An even better way of doing a "ground reset" is to let your combo end a few frames before your opponent lands, then reset them during their 2 frames of landing recovery. This is because it is much harder to input a ground reversal during those 2 frames, but they still have to block high/low mixups correctly. The downside is that the timing for this is very strict, so your opponent will be able to predict exactly when the reset is coming. See Liam's video for a full explanation. The same pros and cons apply to safe jumps, where you time your reset/oki in a way where you have time to land and block before the opponent's reversal hits you.

Also remember that landing a hit on a character who has used their double jump means they don't get their double jump back until they escape your combo and jump again themselves. So if you catch your opponent after they use their double jump, they'll have a much harder time escaping your air resets. See Liam's video for a full explanation.

One last thing when it comes to landing optimal resets is that even if your opponent can't reversal, they might be able to hit you with a regular air normal. For example, ending a combo with a launcher, waiting for your opponent to fall back down, and hitting them with a high/low mixup right as they land might seem good, but they can easily hit you with an air normal on the way down. So make sure you know which of your resets give your opponent enough time to jab out, and which ones are completely airtight.

So that's how to be optimal with your resets, but...

Optimal play is easily predictable, and one of the main benefits of resets is that their timing doesn't have to be predictable because you can do them at almost any point during a combo. It's easy to hit someone with a reset they're not thinking about, so doing this should be one of your main goals. One way to reset an opponent when they're not thinking about it is to find some main optimal reset setups that you usually go for, then find a bunch of "worse" resets that are one or two moves earlier or later in the combo than your main resets. That way, you can do your best resets until your opponent expects them, then you can nail them with some weird unexpected resets once they're trained to only look out for resets at one or two specific parts of your combo. Another way to land unexpected resets is to learn so many different resets with so many different timings that your opponent will never know everything to look out for, even after playing a long set against you.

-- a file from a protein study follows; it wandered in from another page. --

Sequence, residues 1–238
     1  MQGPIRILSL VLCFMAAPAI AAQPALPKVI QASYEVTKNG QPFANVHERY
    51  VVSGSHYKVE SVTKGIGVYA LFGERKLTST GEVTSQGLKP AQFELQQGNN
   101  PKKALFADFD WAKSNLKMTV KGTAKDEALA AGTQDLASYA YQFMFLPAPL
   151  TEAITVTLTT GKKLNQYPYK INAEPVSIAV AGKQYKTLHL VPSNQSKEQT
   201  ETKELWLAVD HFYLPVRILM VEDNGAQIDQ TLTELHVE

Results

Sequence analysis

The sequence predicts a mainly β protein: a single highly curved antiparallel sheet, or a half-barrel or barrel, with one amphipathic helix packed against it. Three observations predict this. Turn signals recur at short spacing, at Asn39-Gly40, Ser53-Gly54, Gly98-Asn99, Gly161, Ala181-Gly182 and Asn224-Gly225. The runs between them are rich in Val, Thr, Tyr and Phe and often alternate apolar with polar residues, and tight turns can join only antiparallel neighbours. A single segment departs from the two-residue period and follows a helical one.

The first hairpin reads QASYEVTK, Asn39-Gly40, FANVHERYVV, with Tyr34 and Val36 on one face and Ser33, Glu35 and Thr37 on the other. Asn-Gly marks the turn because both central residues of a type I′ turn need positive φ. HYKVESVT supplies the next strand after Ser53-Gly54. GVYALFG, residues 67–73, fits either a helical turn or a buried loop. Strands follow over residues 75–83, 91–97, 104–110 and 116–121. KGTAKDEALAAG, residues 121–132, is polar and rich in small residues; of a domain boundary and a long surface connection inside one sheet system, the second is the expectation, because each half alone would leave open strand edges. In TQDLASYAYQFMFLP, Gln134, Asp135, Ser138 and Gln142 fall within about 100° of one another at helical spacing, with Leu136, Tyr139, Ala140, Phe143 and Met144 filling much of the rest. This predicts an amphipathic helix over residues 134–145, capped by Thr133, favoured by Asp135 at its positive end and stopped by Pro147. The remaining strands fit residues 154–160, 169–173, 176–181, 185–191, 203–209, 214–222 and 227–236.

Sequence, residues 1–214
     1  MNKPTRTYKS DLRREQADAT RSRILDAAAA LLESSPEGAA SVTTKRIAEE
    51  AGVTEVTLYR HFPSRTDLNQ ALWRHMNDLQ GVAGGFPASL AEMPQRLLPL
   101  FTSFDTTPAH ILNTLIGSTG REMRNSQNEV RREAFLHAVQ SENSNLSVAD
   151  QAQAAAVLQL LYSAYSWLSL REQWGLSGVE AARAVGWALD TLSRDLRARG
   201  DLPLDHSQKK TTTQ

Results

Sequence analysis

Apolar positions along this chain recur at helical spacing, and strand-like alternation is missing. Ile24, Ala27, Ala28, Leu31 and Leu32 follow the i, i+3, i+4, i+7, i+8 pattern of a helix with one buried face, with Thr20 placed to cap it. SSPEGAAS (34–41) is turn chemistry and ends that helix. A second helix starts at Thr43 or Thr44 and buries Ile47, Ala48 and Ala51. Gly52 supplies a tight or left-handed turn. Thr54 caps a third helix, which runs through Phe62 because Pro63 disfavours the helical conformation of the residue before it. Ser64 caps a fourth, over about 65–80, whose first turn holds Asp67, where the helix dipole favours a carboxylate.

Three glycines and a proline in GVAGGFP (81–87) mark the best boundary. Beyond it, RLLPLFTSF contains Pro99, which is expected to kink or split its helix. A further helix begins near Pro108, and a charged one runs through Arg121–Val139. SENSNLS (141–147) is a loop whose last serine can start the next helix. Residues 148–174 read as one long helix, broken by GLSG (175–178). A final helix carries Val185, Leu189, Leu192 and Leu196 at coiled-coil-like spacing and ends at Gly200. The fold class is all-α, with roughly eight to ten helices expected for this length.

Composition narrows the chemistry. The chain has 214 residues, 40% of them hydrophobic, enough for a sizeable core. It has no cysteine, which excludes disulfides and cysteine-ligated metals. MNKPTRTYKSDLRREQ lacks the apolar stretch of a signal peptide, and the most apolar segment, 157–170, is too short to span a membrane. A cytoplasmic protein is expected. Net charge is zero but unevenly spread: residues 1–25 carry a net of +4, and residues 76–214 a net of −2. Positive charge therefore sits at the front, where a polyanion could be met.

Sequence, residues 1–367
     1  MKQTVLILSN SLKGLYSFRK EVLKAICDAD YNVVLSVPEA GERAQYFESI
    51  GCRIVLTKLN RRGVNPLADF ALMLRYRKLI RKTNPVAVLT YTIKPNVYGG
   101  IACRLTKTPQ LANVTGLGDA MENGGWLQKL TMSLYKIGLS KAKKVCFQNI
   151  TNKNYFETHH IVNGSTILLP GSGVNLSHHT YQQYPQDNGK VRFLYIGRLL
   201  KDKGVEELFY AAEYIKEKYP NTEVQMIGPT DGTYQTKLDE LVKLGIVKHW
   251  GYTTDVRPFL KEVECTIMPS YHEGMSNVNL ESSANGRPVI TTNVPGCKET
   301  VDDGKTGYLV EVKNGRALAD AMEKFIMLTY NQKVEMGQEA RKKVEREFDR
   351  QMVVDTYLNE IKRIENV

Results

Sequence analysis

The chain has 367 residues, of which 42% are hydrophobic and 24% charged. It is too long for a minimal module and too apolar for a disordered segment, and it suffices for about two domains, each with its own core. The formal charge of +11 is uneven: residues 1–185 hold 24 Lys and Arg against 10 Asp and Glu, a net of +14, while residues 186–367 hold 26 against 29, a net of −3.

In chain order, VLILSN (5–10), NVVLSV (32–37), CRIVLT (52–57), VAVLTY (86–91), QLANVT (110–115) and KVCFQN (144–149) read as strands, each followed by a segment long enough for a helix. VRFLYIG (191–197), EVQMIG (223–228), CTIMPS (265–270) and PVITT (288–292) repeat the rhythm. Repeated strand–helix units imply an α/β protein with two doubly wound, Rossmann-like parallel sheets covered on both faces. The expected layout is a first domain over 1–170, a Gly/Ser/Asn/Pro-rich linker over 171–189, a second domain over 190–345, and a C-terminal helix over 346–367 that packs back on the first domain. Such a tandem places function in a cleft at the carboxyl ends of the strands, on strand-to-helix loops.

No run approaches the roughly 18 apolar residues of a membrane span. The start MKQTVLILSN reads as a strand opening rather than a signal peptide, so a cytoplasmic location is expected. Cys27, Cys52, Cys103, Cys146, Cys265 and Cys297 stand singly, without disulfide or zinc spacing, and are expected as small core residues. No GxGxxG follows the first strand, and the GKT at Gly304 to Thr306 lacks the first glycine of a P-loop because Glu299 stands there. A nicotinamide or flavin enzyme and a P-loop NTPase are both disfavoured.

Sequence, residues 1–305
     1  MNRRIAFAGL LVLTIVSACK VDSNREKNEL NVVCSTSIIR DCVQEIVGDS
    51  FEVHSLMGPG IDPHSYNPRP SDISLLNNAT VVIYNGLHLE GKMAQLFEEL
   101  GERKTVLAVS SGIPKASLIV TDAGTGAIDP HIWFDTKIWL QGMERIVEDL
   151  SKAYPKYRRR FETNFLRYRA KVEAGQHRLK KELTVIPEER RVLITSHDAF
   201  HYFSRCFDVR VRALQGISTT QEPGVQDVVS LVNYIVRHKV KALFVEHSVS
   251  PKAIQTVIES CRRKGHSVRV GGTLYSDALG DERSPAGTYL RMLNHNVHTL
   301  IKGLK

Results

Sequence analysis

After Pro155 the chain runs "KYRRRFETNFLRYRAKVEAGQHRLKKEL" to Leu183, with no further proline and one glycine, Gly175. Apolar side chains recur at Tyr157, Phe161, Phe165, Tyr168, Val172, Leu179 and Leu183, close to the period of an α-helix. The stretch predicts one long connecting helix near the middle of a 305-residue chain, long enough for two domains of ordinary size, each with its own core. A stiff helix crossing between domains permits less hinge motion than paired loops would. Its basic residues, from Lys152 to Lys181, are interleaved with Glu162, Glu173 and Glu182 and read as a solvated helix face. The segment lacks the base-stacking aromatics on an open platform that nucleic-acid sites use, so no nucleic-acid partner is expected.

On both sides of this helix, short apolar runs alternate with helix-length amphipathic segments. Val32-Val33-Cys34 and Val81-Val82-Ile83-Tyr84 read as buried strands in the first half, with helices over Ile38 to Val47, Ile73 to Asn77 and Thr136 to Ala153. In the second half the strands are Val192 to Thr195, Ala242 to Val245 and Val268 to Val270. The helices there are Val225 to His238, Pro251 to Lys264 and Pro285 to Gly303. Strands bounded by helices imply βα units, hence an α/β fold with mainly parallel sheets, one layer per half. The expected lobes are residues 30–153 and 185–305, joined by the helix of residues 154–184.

Some examples of unexpected "bad" resets that might catch people who aren't expecting them are:

Even after you've gotten a few free hits this way and your opponent now knows they should expect resets to come at any time, they still won't be able to anticipate your resets as well as an opponent who knows you only ever reset at one point in your combo. They might even be tempted to mash reversals during your combos because they have no idea when the reset is coming, leaving them open to burst baits or safe jumps.

All of this depends on your team, of course. Maybe your team's optimal reset/oki setups are so incredibly strong that there's no reason to ever do anything else, even against an opponent who is only ever expecting you to do your optimal setups. But for the most part, you're missing out on a lot of free hits if you don't try to randomly reset your opponent at unexpected times.

Summary: Know whether it's better to reset your opponent's characters on the air or on the ground. For fully optimal air resets, see if you can find resets that hit during landing recovery or air resets that people can't jab out of. Consider mixing a bunch of different non-optimal resets in with your regular optimal resets, your opponent can't predict when a reset is coming.

That's It, Hope This Was Useful

There are a ton of options after you land a hit in Skullgirls, and it can be hard to decide what to do. You can get pretty far with a basic gameplan: do short combos into resets, save your meter until it will get a kill, snap your opponent if they have a ton of red life or if you have the opportunity for a double snap, and mix in some unexpected resets at weird times to keep your opponent on their toes. But deciding how to spend your meter and exactly when you want to reset depends on your playstyle, your team, and your opponent's characters and damage ratio. There are players who do long combos into optimal reset setups and always spend their meter to get a kill, players who do short combos and build lots of meter for safe DHCs, players who save all of their meter to deal with specific bad matchups, players who spend the neutral game fishing for assist punishes and double snaps, and everything in between. Good luck finding the best gameplan for you!